Addiction recovery is one of the things the Secret Genius Project addresses. After having read the article, Improving Cognitive Functions For Sustainable Addiction Recovery by Cesar Gamboa, January 28, 2017, I was compelled to add some thoughts on the connection between cognitive behavior and addiction. The article established that cognitive behavior is required for some forms of the recovery process to be effective and those very cognitive elements necessary for use as a tool in the recovery process may have been impaired by the substance abuse that facilitated the addiction. Strengthening these cognitive abilities in conjunction with some forms of supporting medication was the most prudent approach to the best chances of full recovery.
I am certainly in agreement with the notion that education is one of the best defenses against addiction and toward recovery. See, e.g., this article from Addiction Now. I would also interject the concept of “prevention” to the arsenal. To that point, let’s take a step back to where it may have all begun, and allow me to illuminate a different facet of the same prism. Consider that, perhaps, unaddressed difficulties and impairments in cognitive functioning are very likely a cause of self-medication that could result in substance abuse and subsequent addiction. The cognitive impairments and difficulties with which one might contend, could predispose an individual to self-medicate. In many cases, it is the impetus to how substance abuse and addiction begins. There seems to be a "chicken and the egg" component here.
My good friend and colleague, Cynthia Duffy, an occupational therapist and expert in human behavior, discusses the work of psychologist Dr. Ross Greene, author of The Explosive Child and Lost at School, and originator of the Collaborative Problem Solving approach. Greene addresses the tough journey of helping a behaviorally challenging child.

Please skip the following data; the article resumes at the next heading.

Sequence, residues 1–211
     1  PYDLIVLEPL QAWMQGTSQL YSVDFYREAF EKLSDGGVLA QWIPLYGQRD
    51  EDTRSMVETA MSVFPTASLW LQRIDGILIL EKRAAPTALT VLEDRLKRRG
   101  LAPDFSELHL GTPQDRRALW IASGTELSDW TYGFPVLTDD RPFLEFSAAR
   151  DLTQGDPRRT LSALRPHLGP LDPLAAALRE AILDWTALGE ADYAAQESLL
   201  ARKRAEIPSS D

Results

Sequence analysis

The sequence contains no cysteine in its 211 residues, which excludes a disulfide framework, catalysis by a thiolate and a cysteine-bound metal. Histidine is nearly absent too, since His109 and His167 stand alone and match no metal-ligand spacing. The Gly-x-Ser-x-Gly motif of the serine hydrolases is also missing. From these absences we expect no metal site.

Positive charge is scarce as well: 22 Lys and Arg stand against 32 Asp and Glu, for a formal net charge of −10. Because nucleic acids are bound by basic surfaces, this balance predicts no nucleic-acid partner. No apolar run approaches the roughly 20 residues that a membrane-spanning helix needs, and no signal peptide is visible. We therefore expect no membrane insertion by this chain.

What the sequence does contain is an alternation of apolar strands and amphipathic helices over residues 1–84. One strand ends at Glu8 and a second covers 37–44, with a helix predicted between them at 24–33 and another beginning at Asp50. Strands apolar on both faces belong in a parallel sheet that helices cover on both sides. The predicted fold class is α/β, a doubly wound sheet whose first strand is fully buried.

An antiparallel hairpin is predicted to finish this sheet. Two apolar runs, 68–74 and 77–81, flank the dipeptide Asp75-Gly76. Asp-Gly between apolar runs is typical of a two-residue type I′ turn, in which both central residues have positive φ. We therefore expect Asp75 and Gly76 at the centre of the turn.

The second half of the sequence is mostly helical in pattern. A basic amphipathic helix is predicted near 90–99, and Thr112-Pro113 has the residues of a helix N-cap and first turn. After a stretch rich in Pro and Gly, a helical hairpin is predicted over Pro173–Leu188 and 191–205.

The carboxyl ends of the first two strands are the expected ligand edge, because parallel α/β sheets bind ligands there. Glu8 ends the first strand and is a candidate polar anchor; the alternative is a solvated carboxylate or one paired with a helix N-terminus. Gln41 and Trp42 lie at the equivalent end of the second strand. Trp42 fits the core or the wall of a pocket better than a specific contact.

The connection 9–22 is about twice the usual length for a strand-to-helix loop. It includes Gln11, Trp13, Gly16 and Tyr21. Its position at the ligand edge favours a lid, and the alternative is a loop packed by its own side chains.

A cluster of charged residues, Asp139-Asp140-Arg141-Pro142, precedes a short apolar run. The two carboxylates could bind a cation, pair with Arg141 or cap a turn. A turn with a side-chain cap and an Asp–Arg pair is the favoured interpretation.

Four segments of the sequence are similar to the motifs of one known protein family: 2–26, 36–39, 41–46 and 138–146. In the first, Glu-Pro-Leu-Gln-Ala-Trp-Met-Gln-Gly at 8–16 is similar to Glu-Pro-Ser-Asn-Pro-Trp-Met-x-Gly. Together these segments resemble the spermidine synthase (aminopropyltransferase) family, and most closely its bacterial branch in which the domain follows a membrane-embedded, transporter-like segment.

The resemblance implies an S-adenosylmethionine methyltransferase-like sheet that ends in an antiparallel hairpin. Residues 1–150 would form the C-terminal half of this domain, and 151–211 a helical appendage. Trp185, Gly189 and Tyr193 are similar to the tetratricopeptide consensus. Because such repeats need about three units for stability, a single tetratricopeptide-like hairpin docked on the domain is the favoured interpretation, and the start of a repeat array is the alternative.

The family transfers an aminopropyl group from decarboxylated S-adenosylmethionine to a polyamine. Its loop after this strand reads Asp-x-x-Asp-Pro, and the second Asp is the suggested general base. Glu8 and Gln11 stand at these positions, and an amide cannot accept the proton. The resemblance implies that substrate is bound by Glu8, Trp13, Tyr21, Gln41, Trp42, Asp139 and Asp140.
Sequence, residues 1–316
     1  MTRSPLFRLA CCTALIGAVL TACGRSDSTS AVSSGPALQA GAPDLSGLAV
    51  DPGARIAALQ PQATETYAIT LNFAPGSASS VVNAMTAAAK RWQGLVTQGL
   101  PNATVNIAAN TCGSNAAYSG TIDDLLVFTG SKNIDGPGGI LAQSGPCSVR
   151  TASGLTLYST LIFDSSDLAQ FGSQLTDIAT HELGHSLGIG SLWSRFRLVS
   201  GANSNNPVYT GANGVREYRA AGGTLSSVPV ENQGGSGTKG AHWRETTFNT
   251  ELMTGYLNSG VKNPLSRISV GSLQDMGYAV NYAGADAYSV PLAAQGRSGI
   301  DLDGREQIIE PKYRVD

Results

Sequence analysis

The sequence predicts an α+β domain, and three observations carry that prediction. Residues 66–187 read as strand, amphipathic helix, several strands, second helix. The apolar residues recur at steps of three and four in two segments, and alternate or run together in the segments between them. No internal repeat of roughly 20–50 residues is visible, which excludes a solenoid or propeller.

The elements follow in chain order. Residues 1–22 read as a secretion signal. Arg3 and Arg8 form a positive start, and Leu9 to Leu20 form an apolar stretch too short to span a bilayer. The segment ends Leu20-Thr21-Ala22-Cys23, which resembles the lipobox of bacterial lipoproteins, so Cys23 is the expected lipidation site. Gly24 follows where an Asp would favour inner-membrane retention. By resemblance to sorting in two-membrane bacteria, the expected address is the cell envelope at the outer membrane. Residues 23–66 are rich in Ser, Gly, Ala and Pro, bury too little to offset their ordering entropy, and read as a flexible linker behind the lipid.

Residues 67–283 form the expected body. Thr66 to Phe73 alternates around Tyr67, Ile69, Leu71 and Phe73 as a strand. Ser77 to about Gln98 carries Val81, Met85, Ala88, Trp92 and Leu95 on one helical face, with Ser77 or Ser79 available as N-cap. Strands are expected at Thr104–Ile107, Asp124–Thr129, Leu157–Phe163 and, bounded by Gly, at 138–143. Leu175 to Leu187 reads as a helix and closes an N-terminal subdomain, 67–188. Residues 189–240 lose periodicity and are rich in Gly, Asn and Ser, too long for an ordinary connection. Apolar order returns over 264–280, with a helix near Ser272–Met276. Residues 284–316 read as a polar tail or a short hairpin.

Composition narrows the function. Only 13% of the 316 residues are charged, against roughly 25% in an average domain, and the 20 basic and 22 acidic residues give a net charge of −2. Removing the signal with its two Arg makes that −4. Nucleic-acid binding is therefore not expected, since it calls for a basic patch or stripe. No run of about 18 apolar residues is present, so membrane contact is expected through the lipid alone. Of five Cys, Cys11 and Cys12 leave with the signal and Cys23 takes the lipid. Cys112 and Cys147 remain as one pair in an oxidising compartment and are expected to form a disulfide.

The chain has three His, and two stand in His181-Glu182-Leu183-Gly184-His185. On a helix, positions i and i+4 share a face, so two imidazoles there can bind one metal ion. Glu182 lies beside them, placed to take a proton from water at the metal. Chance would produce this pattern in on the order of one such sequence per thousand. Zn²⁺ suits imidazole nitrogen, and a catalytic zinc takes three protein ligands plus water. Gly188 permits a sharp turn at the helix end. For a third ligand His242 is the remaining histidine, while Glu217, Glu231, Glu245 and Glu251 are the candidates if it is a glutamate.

Cynthia states, “I am excited by Dr. Greene’s work as he seeks to support an empathetic and supportive environment for children who are struggling to be able to function in a society that values conformity. Children are labeled as behavior problems, disciplinary problems, oppositional and defiant, and unwilling to cooperate. Dr. Greene proposes that these children are simply wired differently and do not come to the same conclusions about situations that most people do. He identifies these behaviors as a result of absent skills in the cognitive process.” Duffy continues, “I agree with Dr. Greene that one must build these skills in order to be able to make proper choices and decisions to meet this society’s definition of success, especially when trying to succeed in public education, but I also propose that these cognitive skills arise from the mastery of underlying sensory processing skills.”
Attention given to the sensory processing component of basic human development in order to strengthen cognitive skills in our children and adults at a root level will help to circumvent negative behaviors that many times result from frustration. Early awareness removes the propensity of those who could otherwise be compelled to self-medicate in the face of the inability to master effective cognitive skills. Offering tools to strengthen cognitive ability and validating the very real elements of sensory processing combats any lack of validation from peers, teachers and those in authority with whom they must comply. Prevention in the name of early detection and support fight that which one would otherwise feel---- futility and hopelessness that the deck is stacked against him/her and as though they might be fighting an uphill battle. It thwarts any sense of becoming a victim, which is a component of addiction, and instead hands the control back to the individual to support
Duffy goes on to say, “I propose that these individuals who are wired differently with sensory and perceptual differences are not handicapped, but in fact may be gifted. The gift being that their model of processing the world differently lends a gift of enrichment to our society if we would allow them in. The loss is ours because we miss out on their Secret Genius” from which we would all otherwise benefit.
Donna Marie Redman